Posted by: Alissa Wolken, Communications Photo: Dennis Dow. Imagine coming face to face with a giraffe, waking up to a lion pride right outside your bedroom, or watching as a skilled veterinary team heals an injured rhino out in the field. Kenya’s Lewa Wildlife Conservancy—one of the beneficiaries of the American Association of Zoo Keepers’ (AAZK) upcoming Bowling for Rhinos event—is home to many life-changing experiences that have strengthened the resolve of AAZK members to keep fighting for wildlife. An injured rhino gets a helping hand thanks to the Lewa Wildlife Conservancy field team. Photo: Dennis Dow. Bowling for Rhinos offers an opportunity for you to join that fight. All funds raised from the event go directly to rhino conservation in four locations: Lewa Wildlife Conservancy (LWC) in Kenya; and Ujung Kulon, Bukit Barisan Selatan, and Way Kambas National Parks in Indonesia through the International Rhino Foundation. Open to all to attend, this year’s Bowli

Calling local coders to join inaugural Zoohackathon

Posted by: Alissa Wolken, Communications Coders and technology experts from the Seattle area—along with their counterparts in five other major cities—will join the battle against international wildlife trafficking in the first ever Zoohackathon, October 6-9, 2016. Registration is now open for interested coders, designers and project managers. Organized by the U.S. Department of State and the Association of Zoos and Aquariums (AZA), the Zoohackathon is a computer coding and technology intensive event that will bring together technical gurus and subject matter experts to create applications, systems, and tools to help reduce demand for trafficked wildlife products. The Zoohackathon will build upon the U.S. Department of State’s successful Fishackathons, which have introduced new technological solutions for combating illegal, unregulated and unreported fishing. The inaugural Zoohackathon will include six AZA-accredited zoos in the U.S., U.K. and the Pacific with plans for expa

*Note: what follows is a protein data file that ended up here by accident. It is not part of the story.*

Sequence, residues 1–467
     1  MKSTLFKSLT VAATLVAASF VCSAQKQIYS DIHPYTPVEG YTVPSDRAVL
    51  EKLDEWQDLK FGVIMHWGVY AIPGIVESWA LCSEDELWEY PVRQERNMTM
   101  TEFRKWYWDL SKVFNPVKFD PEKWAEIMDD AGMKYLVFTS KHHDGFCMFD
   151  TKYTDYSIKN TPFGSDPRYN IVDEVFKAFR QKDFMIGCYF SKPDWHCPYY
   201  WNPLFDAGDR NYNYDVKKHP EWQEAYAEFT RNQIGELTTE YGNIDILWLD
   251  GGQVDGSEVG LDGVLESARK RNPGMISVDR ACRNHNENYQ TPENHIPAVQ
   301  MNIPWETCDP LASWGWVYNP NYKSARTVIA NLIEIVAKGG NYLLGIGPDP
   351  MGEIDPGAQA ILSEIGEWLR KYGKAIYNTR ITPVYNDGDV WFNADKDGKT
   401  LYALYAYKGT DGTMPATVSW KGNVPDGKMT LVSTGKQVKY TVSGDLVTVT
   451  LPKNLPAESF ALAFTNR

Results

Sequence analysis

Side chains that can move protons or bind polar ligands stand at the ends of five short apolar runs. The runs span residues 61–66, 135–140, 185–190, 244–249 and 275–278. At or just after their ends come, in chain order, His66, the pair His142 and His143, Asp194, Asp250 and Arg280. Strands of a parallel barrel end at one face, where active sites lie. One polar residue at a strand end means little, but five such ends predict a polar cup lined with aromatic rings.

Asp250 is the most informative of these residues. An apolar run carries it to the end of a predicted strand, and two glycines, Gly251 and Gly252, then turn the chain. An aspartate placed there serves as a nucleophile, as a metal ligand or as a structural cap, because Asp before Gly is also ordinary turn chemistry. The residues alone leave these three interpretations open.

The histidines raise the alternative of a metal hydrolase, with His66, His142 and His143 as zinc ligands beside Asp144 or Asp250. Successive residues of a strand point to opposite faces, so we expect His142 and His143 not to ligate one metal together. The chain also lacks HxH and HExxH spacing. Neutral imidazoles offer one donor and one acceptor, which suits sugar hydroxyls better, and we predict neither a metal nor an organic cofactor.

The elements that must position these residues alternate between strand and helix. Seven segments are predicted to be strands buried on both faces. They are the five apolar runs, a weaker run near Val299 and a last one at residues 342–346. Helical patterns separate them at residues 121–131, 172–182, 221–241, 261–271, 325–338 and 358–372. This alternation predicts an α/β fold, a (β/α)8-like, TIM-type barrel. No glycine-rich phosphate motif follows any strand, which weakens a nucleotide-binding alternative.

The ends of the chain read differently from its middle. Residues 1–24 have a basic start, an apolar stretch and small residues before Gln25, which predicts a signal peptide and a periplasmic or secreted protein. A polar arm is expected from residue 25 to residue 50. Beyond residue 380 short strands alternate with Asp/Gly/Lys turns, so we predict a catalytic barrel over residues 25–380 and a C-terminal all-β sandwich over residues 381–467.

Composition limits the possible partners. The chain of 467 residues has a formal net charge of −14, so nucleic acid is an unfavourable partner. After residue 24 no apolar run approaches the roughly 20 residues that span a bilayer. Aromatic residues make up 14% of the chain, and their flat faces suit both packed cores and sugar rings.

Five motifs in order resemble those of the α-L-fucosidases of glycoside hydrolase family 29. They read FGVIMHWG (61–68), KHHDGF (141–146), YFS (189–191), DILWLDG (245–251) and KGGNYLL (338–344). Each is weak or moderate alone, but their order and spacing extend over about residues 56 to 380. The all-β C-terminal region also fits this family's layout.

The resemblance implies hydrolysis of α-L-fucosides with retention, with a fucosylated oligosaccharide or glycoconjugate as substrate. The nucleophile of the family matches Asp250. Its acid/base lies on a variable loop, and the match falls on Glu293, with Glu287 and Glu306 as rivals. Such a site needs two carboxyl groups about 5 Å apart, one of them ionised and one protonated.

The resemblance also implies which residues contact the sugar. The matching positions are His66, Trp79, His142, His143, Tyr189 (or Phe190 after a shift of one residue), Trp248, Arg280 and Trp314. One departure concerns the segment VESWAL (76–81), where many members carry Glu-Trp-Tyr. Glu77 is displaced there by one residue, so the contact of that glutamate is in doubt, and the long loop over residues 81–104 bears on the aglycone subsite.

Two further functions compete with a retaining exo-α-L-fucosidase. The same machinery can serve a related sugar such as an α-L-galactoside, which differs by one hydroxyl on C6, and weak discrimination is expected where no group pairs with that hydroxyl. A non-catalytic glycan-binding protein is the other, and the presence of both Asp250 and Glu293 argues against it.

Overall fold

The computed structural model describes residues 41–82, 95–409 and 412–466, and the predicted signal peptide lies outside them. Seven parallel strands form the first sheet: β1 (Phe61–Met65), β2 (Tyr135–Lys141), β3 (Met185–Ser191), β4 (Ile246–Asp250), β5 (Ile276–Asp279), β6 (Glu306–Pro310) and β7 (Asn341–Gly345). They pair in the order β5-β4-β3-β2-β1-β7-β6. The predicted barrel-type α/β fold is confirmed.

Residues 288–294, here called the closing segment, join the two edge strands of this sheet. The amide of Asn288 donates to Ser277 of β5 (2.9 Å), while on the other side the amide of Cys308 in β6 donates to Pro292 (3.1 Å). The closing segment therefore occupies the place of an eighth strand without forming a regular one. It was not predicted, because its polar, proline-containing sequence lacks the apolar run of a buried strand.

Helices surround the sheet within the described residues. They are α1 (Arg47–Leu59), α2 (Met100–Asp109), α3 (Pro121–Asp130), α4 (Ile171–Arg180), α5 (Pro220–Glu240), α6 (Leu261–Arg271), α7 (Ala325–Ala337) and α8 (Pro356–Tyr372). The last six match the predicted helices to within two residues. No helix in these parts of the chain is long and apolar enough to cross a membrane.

Restoring rare butterflies to the Northwest sky

Posted by: Rebecca Whitham, Editor Just beyond Molbak's Butterfly Garden, this unassuming building is homebase to the zoo's butterfly conservation efforts. Photo: Ryan Hawk/Woodland Park Zoo. Inside the zoo’s butterfly conservation lab, I squint at the tiny larvae that somehow seem not much larger than the period at the end of this sentence. When I ask Erin Sullivan, Woodland Park Zoo collection manager and entomologist, how big they will get when they become adult butterflies, she demonstrates by pinching the gap between her thumb and index finger. “Pretty big,” she says without irony. In the world of butterflies, size is measured in pinched fingers and adult life expectancy in mere days. In the world of butterfly conservation, however, there is nothing small or short lived about our effort to restore the threatened Oregon silverspot butterfly, a native of our beautiful Northwest. Oregon silverspot butterfly. Photo: Ryan Hawk/Woodland Park Zoo. For 15

Abandoned as an egg, this flamingo chick gets a second chance

Posted by: Alissa Wolken, Communications Woodland Park Zoo celebrated its third Chilean flamingo hatching this year on Monday, August 22, 2016. Abandoned as an egg, the chick is being cared for by a dedicated team of zookeepers and animal health staff who are hand-raising the chick behind the scenes. This flamingo chick is being reared by zookeepers until it can rejoin the flock. Photo: John Loughlin/Woodland Park Zoo. Tiny leg lifts! Photo: John Loughlin/Woodland Park Zoo. The flamingo chick is currently fed up to five times a day and is learning to follow its zookeepers as they take it on exercise walks. Once the chick is old enough to eat on its own, in about 30-45 days, it will begin to join the rest of the flock in the flamingo exhibit. Video: Flamingo chick plays follow-the-leader.  In addition to the hand-reared chick, two other chicks are currently being parent-reared in the colony. A total of 14 chicks have hatched since the exhibit opened in 2008. The